Neurological Disorders in Dogs

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A close-up of a veterinarian examining a dog.
A close-up of a veterinarian examining a dog. (Image: KatarzynaBialasiewicz/iStock/Getty Images)

In dogs and other vertebrates, nerve cells -- called neurons -- transmit signals that enable the brain to regulate the body's functions. When a disease process interferes with the neurons ability to do that, the central nervous system, which consists of the brain and spinal cord, malfunctions, potentially causing a wide range of disorders. Some are more common among certain breeds and bloodlines, suggesting genetic and hereditary links. If you suspect your pet has a neurological problem, see your vet right away.

Symptoms to Watch For

Specific conditions have their own sets of symptoms but according to the Veterinary Neurological Center of Phoenix, confusion, loss of muscle control and abnormal movement patterns are all typical signs of neurological disorders in dogs. If a dog starts to walk strangely, dragging a leg, losing his balance, trembling or shaking, the normal channels of communication between his brain and body could be disrupted. If a dog is stumbling into things, his vision might be affected. Collapsing and losing consciousness, seizures and involuntary loss of bowel and bladder control are further warning signs. Difficulty with swallowing and chewing, muscle spasms in the jaw and crying out in pain for no apparent reason also may indicate neurological impairment.

Wobbler Syndrome Affects Large Breeds

Wobbler syndrome, which causes dogs to walk with an unsteady or "wobbly" gait, is most common among large and giant dog breeds, especially Great Danes and Dobermans, says veterinary neurologist Ronaldo da Costa of Ohio State University. Painful spinal cord compression in the neck region compromises the dog's ability to walk and stand; left untreated, this can result in paralysis of all four legs. In early stages, affected dogs might slip on smooth surfaces or appear unsteady only when they walk slowly. In more advanced stages, their legs can buckle and they might have difficulty getting back on their feet. Treatment may include anti-inflammatory drugs and restricted physical activity but surgery can improve or stabilize wobbler syndrome in about 80 percent of cases, da Costa says.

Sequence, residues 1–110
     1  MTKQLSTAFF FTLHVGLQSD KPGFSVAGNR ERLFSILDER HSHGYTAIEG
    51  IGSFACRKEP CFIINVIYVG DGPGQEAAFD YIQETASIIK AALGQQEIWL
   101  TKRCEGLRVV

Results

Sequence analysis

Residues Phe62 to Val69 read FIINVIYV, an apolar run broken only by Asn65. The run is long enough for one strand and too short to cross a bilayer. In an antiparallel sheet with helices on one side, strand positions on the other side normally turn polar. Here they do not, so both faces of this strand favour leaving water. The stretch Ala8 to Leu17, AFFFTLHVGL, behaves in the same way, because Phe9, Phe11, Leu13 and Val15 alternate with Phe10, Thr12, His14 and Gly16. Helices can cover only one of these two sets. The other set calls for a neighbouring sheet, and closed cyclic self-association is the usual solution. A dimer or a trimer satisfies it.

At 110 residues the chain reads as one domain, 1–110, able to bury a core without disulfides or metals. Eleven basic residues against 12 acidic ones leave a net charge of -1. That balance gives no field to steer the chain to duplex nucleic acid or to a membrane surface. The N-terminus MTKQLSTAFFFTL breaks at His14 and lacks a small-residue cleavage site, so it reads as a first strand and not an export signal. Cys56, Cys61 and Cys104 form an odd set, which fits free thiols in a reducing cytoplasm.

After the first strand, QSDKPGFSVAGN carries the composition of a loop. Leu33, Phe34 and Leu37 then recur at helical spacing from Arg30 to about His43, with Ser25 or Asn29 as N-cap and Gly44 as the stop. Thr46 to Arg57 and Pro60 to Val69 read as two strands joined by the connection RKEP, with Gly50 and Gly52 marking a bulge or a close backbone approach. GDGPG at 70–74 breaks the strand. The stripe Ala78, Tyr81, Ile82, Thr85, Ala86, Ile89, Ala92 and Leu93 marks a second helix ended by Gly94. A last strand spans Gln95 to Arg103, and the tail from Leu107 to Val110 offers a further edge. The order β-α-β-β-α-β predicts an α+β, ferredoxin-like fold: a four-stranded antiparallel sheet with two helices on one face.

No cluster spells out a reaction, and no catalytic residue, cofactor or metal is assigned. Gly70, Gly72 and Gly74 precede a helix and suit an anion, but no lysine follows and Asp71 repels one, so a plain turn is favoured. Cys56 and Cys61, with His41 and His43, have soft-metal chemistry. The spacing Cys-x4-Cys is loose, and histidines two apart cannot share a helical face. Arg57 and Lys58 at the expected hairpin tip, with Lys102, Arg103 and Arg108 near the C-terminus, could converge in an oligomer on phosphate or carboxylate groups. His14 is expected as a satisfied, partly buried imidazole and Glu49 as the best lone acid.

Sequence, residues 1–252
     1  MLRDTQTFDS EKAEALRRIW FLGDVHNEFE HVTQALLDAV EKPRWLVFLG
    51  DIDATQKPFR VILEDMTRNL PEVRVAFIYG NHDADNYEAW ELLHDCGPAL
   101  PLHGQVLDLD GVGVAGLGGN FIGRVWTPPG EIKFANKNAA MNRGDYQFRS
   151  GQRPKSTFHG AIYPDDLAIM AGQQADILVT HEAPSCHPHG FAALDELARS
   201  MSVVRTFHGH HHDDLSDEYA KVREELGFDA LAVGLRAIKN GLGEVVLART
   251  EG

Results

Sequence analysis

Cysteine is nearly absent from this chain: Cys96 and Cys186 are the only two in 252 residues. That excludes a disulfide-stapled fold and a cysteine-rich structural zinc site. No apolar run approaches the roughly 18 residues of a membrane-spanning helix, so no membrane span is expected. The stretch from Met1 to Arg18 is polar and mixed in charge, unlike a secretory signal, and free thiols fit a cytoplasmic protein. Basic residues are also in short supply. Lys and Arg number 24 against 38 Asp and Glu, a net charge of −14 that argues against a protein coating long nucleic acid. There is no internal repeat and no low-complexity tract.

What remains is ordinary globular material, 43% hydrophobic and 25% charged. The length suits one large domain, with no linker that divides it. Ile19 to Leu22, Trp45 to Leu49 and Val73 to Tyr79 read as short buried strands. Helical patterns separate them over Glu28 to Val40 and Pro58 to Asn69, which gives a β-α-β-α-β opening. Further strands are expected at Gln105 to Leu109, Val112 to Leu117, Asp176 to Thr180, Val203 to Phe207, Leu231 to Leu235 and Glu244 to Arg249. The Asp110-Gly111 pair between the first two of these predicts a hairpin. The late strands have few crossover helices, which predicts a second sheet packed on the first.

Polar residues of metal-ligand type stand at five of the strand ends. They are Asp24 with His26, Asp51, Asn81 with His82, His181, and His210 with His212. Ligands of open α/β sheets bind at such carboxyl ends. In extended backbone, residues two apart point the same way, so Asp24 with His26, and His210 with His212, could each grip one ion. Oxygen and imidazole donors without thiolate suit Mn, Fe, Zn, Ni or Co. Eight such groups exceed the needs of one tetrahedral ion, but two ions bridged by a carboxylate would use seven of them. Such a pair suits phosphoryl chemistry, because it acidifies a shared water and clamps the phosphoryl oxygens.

Seizures and Epilepsy

Seizures can be brought on by a number of conditions, including brain inflammation and tumors, head injuries and strokes, but the cause of epilepsy, a chronic seizure disorder, is idiopathic, or unknown. This neurological disorder is characterized by episodic convulsions that last between 30 and 90 seconds and can be alarming to witness. Usually, an affected dog collapses, his body stiffens, he drools profusely, paddles all four legs, vocalizes and may urinate and defecate. Age of onset may be as young as 6 months or as old as 6 years. Some breeds are more susceptible than others, including border collies, Shetland sheepdogs, Australian and German shepherds, beagles, golden and Labrador retrievers. Vets treat idiopathic epilepsy with anticonvulsant drugs, which affected dogs must take for the rest of their lives.

Canine Cognitive Dysfunction: Doggy Dementia

Canine cognitive dysfunction, also known as "doggy dementia," corresponds closely to Alzheimer's disease in humans. In both species, a buildup of protein deposits in the brain is believed to be a major contributing factor. "Not all dogs develop signs of cognitive dysfunction, much as all people don't develop senility," says veterinary behaviorist Gary Landsberg. For dogs who do, symptoms such as disorientation, anxiety, agitation, sleep and activity changes, might come on as early as age 6 or as late as age 11. Medications and dietary changes seem to help relieve symptoms in some dogs but not others. Sticking to regular routines for feeding and walking, and uncluttering the environment to reduce the number of obstacles a confused dog might have to find his way around, are among Landsberg's recommendations for home care.

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